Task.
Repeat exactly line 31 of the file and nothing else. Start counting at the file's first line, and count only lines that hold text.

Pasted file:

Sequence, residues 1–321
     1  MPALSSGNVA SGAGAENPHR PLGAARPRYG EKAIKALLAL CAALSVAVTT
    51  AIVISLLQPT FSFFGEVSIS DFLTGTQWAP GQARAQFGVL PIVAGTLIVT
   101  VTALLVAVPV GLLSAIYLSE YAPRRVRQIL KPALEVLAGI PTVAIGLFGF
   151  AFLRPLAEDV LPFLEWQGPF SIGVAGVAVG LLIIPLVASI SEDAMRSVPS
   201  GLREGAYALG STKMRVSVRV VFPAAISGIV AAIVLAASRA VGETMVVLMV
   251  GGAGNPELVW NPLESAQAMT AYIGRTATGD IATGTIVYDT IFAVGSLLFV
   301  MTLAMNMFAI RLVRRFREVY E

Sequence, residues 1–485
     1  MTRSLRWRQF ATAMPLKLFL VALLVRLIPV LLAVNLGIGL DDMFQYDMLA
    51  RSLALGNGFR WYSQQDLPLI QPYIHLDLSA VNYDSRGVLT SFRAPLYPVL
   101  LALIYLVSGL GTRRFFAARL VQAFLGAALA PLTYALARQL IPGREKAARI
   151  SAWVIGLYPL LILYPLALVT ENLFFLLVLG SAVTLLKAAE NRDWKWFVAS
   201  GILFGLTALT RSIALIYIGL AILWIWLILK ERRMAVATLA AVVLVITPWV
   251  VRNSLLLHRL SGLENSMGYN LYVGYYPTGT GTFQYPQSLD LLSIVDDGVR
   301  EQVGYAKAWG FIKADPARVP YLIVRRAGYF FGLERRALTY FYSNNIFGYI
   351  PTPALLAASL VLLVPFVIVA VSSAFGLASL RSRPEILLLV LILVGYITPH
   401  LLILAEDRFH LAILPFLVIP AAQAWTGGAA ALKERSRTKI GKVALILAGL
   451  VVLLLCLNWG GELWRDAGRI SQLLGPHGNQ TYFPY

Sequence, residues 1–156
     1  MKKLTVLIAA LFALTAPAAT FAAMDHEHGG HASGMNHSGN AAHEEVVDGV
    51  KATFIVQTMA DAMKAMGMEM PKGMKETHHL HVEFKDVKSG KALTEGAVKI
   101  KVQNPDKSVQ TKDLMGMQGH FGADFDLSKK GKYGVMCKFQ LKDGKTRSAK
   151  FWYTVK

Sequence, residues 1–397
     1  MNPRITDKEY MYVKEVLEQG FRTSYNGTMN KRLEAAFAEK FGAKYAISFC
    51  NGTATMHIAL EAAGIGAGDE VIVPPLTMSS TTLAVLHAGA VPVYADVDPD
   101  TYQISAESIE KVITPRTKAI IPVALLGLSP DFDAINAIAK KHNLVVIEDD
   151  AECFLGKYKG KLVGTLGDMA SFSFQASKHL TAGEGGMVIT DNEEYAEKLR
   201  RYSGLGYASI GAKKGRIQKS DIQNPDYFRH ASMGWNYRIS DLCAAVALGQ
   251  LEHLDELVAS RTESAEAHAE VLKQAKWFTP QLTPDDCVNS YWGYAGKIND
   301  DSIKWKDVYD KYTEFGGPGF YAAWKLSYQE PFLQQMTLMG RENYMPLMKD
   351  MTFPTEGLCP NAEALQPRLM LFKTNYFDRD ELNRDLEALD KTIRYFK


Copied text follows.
   251  LEHLDELVAS RTESAEAHAE VLKQAKWFTP QLTPDDCVNS YWGYAGKIND